Catastrophic explosions of steam boilers

Catastrophic explosions of steam boilers in the 1800s and early 1900s resulted in hundreds of deaths, which prompted the development of the ASME Boiler and Pressure Vessel Code in 1915. Considering that the pressurized fluid in a vessel eventually reaches equilibrium with its surroundings shortly after the explosion, the work that a pressurized fluid would do if allowed to expand adiabatically to the state of the surroundings can be viewed as the explosive energy of the pressurized fluid. Because of the very short time period of the explosion and the apparent stability afterward, the explosion process can be considered to be adiabatic with no changes in kinetic and potential energies. The closed-system conservation of energy relation in this case reduces to Wout = m (u1 – u2). Then the explosive energy Eexp becomes Eexp = m (u1 – u2) where the subscripts 1 and 2 refer to the state of the fluid before and after the explosion, respectively. The specific explosion energy Eexp is usually expressed per unit volume, and it is obtained by dividing the quantity above by the total V of the vessel: Eexp = u1 – u2/v1 where v1 is the specific volume of the fluid before the explosion. Show that the specific explosion energy of an ideal gas with constant specific heat is also; determine the total explosion energy of 20 m3 of air at 5 MPa and 100°C when the surroundings are at 20°C.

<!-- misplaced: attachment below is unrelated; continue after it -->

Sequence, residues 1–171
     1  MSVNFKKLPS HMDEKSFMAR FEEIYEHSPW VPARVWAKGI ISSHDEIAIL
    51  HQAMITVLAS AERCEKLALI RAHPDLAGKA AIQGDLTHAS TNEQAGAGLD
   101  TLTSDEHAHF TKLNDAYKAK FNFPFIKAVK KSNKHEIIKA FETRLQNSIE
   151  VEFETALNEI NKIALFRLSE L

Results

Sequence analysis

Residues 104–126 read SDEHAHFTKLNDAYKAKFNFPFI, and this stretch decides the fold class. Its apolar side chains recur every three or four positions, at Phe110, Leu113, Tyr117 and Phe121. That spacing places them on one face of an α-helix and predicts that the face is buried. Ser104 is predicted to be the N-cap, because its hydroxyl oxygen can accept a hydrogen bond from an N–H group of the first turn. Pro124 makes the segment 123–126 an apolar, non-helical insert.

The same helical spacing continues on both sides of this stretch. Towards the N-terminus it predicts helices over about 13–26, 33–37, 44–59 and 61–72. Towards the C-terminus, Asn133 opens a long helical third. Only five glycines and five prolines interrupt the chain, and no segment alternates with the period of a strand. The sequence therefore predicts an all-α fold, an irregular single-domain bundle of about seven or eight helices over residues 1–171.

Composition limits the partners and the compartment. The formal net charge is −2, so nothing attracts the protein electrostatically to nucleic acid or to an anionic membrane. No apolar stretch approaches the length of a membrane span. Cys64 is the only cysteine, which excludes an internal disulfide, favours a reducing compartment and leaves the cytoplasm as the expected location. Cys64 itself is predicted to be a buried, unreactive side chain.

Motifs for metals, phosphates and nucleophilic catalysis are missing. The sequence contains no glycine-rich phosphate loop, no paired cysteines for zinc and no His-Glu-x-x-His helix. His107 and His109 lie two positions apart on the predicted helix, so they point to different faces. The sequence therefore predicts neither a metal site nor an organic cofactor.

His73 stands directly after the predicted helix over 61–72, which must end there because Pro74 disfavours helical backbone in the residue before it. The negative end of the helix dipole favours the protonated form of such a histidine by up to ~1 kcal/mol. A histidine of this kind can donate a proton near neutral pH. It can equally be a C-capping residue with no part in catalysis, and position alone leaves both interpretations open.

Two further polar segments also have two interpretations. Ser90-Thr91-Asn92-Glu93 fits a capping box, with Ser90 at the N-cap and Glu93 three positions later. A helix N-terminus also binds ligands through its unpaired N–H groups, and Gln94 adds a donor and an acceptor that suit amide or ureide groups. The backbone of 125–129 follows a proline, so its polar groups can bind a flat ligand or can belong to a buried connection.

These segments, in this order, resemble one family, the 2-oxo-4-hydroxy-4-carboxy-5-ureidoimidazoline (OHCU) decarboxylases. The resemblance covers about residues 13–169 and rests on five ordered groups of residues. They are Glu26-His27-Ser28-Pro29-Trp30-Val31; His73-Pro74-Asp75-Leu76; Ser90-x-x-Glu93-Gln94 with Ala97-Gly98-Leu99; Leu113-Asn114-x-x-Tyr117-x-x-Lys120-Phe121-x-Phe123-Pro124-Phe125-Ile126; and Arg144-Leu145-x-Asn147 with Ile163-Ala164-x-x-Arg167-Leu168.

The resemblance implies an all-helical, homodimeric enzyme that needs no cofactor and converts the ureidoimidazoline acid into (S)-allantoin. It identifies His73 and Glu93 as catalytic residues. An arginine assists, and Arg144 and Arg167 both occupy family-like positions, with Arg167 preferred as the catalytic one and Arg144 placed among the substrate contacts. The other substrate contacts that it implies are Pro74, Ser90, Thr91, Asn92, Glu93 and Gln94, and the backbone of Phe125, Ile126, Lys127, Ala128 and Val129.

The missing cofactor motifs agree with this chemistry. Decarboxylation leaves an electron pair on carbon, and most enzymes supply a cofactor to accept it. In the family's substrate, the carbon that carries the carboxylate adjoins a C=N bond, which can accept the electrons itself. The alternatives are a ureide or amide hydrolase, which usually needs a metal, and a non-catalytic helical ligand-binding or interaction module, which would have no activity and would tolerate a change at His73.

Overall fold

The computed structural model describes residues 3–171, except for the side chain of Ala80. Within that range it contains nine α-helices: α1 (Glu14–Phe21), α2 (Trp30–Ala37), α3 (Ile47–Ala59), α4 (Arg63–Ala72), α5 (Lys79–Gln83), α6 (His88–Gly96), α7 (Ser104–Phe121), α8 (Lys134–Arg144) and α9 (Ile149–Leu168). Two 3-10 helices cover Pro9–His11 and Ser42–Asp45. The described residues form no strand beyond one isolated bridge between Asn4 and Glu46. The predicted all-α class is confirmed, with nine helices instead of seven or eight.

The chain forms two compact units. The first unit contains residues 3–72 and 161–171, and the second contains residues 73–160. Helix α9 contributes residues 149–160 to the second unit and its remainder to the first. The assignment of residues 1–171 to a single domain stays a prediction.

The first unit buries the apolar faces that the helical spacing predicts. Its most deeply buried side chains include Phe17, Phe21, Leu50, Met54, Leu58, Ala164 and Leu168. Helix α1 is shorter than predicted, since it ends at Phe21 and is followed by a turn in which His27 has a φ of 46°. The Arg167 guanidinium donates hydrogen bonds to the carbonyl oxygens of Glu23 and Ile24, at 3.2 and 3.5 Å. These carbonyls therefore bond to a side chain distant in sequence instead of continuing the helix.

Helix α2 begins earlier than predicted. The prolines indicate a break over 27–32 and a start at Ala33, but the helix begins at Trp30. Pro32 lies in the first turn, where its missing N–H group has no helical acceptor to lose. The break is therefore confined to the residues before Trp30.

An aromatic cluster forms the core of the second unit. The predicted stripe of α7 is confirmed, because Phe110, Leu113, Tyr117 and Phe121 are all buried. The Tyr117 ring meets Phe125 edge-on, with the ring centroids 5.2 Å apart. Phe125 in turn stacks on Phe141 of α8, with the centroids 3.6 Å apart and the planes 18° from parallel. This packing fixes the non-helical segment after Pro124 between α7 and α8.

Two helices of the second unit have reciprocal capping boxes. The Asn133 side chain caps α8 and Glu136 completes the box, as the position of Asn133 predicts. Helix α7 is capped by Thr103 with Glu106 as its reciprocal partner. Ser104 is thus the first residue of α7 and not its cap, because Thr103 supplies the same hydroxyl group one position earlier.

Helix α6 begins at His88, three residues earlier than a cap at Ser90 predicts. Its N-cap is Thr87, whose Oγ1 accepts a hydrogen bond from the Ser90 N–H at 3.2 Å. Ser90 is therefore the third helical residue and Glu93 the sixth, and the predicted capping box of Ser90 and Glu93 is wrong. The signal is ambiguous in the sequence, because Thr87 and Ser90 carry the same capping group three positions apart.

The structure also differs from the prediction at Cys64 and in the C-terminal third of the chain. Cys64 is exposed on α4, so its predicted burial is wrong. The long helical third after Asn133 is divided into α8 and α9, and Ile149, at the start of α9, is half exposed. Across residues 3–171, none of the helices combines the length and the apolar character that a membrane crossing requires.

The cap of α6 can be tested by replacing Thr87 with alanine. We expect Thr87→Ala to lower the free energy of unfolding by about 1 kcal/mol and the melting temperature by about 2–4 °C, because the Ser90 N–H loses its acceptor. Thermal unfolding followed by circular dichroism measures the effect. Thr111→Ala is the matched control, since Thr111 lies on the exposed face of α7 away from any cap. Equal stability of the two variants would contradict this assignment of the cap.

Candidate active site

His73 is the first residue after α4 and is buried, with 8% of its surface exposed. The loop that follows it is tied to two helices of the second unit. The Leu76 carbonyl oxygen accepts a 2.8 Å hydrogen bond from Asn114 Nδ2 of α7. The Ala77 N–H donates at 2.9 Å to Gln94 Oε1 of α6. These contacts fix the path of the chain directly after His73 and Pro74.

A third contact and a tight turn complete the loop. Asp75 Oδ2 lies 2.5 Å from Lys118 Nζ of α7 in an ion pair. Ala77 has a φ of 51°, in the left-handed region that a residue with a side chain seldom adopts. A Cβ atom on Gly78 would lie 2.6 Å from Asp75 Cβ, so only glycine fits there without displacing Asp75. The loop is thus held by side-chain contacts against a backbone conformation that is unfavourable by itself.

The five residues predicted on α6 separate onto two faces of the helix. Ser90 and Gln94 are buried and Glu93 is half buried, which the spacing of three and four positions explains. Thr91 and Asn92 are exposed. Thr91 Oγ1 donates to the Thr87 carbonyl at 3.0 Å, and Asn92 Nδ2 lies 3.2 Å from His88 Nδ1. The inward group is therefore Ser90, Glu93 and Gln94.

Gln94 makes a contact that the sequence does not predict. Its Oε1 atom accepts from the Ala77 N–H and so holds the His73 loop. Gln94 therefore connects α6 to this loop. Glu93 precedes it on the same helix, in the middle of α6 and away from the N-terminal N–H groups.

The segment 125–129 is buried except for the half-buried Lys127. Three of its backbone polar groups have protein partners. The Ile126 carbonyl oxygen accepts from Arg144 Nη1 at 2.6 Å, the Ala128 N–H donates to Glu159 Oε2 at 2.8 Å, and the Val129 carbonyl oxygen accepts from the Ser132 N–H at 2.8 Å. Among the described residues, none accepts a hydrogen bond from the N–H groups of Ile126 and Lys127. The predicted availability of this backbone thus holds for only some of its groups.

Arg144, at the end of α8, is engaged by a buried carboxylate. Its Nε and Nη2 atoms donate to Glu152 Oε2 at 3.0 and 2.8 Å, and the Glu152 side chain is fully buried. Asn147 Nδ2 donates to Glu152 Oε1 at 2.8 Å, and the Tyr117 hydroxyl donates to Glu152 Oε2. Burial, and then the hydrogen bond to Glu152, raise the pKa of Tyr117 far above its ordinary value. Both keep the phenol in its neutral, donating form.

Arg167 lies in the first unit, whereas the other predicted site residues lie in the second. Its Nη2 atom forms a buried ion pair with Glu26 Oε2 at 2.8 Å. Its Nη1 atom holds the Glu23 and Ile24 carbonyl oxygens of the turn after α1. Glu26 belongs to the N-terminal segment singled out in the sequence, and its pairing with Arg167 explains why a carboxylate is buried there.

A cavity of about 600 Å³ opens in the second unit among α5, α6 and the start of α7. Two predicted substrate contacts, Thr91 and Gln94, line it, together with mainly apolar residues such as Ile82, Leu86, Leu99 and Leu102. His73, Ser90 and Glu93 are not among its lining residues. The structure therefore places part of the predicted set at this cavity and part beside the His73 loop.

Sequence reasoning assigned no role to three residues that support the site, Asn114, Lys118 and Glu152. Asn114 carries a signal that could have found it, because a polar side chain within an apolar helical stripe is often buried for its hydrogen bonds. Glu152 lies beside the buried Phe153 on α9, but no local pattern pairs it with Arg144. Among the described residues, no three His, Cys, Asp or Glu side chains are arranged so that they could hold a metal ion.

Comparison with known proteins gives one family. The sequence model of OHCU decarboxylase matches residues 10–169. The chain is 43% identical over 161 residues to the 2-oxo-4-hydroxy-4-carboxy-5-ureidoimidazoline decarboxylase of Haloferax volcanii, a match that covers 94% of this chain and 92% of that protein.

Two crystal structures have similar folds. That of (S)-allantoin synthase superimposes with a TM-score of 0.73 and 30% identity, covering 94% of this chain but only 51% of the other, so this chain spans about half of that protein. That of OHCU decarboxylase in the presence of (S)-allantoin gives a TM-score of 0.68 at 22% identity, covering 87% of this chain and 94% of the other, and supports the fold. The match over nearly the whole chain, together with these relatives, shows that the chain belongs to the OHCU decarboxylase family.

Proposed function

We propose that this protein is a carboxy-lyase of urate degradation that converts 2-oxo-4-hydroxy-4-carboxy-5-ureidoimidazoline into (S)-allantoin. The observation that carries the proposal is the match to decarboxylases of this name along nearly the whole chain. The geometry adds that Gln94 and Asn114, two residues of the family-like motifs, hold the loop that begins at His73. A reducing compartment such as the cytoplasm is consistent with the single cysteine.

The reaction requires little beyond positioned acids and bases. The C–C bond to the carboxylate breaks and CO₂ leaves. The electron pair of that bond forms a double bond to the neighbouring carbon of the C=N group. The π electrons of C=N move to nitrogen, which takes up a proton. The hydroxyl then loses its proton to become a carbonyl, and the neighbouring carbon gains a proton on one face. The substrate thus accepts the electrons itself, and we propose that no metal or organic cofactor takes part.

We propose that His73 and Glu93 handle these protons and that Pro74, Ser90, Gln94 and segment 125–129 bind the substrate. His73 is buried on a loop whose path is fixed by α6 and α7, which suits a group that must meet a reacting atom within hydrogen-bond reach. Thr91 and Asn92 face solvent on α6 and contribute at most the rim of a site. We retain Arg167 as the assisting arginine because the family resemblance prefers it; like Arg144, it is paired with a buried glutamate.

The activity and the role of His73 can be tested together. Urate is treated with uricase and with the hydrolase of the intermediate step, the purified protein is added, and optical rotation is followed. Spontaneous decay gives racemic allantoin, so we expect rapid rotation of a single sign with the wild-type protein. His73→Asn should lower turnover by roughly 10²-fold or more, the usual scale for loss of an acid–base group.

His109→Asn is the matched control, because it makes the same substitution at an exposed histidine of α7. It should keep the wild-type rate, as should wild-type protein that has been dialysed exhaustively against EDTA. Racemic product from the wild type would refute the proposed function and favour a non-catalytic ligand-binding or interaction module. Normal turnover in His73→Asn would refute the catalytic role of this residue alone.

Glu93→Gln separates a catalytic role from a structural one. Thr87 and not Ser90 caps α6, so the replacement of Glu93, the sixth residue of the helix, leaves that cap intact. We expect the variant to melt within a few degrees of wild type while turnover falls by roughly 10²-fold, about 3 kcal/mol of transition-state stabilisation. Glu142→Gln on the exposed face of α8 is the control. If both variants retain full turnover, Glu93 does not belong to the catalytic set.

Catastrophic explosions of steam boilers


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